Friday, April 10, 2009

Sunday Reflections for April 12, 2009: "Newsweek: End of Christian America?"

The most basic contours of American culture have been radically altered. The so-called Judeo-Christian consensus of the last millennium has given way to a post-modern, post-Christian, post-Western cultural crisis which threatens the very heart of our culture. (Albert Mohler in Newsweek)

Albert Mohler is the President of Southern Baptist Theological Seminary in Louisville (one of the world’s largest seminaries). He was interviewed for the cover story of the most recent issue of Newsweek, titled “The End of Christian America”. As the quote above indicates, he is very disturbed by the religious trends in this country that have been highlighted in two recent surveys, the 2009 American Religious Identification Survey (ARIS) and the one released last year by the Pew Trust. Both showed a continuing trend of fewer people identifying themselves not only as Christian but as having any religious identity at all. The ARIS results showed 15% answering “None” when asked to name their religion. Newsweek’s new poll reported 30% of Americans identifying themselves as “spiritual” rather than religious.

There is no question that this is a dramatic development and a genuine change in our cultural character. It is less clear what its significance is. Some, like Mohler, view it as a “the country is going to hell in a hand basket” moment. Conservative Christians like Mohler believe that Christianity is an essential element of our national identity and to lose it, or to have its influence significantly reduced, threatens its very foundations.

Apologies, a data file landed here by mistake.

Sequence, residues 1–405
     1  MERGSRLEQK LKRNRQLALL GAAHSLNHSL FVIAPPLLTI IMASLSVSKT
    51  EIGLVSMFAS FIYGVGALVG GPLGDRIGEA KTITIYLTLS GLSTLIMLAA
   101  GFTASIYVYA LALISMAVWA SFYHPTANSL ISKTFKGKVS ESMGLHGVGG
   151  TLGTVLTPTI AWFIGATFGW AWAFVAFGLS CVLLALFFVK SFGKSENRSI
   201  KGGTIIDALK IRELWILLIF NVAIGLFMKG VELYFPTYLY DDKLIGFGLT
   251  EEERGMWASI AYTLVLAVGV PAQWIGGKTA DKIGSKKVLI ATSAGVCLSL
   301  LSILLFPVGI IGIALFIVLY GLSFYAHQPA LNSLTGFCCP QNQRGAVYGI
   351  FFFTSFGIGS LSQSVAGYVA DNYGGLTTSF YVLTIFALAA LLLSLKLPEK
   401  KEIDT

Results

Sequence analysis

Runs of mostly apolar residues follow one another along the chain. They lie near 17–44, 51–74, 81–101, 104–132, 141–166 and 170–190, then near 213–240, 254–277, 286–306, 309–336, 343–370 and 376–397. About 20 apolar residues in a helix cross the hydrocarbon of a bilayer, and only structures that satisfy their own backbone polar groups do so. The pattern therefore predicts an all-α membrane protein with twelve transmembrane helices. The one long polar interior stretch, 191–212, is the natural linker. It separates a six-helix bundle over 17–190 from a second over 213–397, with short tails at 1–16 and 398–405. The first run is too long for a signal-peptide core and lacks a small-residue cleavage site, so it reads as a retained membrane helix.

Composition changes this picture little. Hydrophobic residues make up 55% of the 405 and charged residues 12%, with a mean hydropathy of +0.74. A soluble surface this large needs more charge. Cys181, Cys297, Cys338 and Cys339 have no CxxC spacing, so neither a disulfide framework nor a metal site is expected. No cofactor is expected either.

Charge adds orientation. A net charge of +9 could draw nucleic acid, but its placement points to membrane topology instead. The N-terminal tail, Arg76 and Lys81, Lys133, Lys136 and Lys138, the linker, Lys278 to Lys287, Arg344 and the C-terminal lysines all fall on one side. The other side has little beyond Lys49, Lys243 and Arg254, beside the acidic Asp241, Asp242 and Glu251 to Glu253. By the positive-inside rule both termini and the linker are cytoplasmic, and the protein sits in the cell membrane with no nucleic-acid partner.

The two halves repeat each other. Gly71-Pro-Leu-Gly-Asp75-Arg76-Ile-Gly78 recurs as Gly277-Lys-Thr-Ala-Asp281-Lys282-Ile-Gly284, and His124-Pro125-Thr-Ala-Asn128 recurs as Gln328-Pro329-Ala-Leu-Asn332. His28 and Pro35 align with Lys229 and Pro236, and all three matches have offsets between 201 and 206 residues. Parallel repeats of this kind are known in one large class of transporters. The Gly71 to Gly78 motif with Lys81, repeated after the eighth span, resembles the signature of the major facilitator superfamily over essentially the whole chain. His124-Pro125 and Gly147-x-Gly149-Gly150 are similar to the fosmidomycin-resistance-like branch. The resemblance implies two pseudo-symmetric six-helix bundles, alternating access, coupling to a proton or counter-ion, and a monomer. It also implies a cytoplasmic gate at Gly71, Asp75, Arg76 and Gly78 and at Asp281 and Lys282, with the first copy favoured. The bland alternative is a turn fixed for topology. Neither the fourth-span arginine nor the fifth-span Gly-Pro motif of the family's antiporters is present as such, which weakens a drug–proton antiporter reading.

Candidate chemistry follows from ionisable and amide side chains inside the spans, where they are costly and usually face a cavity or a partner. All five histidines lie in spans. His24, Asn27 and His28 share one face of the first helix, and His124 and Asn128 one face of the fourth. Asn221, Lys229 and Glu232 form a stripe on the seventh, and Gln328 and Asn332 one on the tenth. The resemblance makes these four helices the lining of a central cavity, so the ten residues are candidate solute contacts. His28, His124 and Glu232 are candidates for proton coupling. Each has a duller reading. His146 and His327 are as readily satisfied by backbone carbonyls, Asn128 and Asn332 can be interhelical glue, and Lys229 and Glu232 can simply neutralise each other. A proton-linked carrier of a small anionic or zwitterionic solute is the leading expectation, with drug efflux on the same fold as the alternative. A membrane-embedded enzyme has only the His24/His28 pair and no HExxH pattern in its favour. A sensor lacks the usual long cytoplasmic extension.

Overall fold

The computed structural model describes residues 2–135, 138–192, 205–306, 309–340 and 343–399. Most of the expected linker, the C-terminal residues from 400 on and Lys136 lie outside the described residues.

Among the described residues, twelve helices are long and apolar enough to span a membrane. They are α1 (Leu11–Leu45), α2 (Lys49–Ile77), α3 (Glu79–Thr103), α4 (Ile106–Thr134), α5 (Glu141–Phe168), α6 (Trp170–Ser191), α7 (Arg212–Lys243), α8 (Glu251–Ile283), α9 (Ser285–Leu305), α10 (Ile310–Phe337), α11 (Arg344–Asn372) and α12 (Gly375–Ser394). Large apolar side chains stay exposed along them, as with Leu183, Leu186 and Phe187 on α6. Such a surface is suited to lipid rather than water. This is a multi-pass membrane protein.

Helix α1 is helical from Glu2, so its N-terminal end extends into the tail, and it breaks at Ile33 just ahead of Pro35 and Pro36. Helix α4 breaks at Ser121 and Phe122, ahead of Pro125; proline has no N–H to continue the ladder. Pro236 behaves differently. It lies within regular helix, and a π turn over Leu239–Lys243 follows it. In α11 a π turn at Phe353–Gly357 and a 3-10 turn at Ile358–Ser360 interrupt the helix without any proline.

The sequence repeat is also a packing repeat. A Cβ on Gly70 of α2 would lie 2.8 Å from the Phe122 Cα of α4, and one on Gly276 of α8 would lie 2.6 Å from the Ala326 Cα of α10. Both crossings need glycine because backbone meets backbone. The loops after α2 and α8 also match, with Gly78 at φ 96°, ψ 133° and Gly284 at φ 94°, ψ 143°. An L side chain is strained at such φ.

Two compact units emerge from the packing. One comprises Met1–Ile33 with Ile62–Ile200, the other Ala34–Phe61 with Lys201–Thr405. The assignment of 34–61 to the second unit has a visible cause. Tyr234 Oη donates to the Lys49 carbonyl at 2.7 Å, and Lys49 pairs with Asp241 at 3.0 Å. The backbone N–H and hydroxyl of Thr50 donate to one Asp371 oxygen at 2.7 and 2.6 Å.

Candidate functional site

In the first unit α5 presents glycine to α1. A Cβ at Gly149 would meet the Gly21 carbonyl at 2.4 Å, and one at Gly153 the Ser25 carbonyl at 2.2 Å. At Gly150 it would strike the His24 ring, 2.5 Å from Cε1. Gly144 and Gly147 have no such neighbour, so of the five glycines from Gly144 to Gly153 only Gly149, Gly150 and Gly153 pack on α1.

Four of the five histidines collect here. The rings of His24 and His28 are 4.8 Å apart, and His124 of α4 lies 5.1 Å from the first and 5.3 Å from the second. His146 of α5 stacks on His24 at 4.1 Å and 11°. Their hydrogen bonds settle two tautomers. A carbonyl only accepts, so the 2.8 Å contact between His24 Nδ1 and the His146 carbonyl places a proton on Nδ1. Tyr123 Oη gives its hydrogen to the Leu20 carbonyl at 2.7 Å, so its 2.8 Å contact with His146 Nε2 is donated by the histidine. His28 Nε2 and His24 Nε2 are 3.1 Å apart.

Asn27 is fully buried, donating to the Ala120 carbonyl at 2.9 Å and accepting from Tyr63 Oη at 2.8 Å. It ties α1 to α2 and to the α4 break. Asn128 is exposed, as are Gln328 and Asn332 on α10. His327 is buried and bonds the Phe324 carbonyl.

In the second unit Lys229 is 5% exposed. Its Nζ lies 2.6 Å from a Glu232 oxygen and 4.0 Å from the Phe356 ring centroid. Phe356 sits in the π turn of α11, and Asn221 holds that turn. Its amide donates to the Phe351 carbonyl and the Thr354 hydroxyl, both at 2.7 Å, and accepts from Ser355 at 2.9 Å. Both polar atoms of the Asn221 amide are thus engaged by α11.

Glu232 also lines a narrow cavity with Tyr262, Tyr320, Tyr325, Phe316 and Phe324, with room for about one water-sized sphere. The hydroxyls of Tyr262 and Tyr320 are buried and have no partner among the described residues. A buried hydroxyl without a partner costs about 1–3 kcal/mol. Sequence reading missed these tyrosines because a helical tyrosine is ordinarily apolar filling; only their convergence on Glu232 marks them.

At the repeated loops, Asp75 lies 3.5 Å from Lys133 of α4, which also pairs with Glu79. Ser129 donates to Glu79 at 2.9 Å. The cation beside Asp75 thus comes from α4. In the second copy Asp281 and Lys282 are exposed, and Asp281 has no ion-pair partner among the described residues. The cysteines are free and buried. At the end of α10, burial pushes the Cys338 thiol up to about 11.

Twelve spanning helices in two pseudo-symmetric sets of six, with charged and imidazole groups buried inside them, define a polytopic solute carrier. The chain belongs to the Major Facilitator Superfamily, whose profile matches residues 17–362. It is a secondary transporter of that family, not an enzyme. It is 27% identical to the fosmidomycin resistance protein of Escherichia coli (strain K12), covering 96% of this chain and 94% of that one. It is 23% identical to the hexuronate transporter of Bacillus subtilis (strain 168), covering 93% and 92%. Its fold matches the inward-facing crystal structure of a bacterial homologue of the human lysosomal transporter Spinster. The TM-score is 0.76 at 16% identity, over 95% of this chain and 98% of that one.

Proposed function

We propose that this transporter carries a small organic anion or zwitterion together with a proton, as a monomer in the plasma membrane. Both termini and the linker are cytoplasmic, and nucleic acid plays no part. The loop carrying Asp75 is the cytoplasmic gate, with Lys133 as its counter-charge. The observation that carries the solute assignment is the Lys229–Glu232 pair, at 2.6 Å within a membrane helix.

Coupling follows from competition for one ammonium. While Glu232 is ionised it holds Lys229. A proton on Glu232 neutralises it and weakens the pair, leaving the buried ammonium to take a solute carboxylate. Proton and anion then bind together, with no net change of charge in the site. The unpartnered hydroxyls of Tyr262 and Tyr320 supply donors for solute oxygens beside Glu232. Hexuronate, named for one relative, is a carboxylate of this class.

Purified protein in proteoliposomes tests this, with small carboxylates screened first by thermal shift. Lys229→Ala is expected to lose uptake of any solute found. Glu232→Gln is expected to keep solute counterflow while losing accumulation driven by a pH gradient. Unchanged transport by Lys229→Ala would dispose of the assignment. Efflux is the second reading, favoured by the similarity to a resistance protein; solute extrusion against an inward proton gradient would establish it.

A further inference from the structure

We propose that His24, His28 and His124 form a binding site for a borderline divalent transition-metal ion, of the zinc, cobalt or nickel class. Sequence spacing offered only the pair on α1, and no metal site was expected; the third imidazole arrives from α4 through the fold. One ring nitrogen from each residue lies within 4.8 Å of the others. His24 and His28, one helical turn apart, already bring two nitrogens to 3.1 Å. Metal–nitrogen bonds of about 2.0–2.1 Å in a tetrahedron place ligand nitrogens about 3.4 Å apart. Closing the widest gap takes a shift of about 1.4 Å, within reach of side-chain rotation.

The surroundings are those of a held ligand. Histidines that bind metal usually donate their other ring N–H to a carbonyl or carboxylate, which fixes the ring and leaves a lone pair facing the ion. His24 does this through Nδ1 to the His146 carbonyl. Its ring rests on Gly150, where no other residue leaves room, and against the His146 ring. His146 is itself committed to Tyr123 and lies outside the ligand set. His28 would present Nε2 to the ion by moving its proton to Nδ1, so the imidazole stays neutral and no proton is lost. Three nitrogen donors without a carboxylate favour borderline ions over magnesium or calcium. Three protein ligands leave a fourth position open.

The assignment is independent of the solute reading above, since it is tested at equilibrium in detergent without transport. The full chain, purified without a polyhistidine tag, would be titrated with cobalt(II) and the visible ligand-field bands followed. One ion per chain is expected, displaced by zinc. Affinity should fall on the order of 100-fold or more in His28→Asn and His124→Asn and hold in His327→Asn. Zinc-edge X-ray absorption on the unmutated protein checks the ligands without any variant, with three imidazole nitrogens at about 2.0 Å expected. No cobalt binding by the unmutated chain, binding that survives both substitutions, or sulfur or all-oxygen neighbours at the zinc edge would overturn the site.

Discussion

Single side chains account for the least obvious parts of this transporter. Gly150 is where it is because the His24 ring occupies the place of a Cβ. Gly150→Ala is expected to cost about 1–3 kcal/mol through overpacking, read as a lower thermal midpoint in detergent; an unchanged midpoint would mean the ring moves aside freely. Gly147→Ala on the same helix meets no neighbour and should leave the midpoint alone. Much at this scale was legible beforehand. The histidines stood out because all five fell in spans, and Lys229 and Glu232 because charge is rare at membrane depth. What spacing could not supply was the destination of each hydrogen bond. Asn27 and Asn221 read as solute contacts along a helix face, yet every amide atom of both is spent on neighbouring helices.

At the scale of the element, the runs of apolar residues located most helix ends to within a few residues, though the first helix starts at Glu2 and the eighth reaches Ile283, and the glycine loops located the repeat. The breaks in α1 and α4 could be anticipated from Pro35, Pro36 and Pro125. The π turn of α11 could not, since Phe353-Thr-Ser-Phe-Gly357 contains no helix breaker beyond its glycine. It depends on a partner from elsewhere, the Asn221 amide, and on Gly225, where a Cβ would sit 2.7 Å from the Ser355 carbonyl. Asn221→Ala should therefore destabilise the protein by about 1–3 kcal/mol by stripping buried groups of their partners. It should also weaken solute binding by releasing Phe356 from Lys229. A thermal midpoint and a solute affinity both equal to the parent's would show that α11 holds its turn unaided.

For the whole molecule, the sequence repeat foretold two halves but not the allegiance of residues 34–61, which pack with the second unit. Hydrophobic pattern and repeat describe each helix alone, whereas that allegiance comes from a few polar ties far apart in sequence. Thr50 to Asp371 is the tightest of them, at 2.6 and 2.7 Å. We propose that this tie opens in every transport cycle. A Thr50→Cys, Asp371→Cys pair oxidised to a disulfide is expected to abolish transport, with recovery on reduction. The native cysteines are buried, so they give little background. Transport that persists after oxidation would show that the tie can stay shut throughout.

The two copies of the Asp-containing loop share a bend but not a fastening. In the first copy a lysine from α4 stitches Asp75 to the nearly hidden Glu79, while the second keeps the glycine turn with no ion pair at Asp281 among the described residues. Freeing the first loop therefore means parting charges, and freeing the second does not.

The author of the article, Newsweek religion editor Jon Meacham, is more sanguine. He believes religion doesn’t go away but it does change over time: “America, then, is not a post-religious society—and cannot be as long as there are people in it, for faith is an intrinsic human impulse.” In his view, the growing rejection of Christianity is the result of the church shooting itself in the foot. Evangelical Protestantism and conservative Catholicism both overreached in their attempts to impose their values on American society as a whole. Their strident battles against abortion, homosexuality, stem cell research, the teaching of evolution, and so on have not just alienated those holding different viewpoints. These struggles have led many to view Christianity as a threat to an even more fundamental value of American society, that of liberty. Meacham writes:

If we apply an Augustinian test of nationhood to ourselves, we find that liberty, not religion, is what holds us together. In "The City of God," Augustine —converted sinner and bishop of Hippo—said that a nation should be defined as "a multitude of rational beings in common agreement as to the objects of their love." What we value most highly—what we collectively love most—is thus the central test of the social contract.

For decades the Catholic Church has lived with the reality that a large portion of its members often disagree with and even disobey church teaching on social and moral issues. This same phenomenon is now being recognized in evangelical churches, especially among younger members. The haranguing by bishops and pastors to vote this or that way has turned off not only secular voters but even members of their own churches.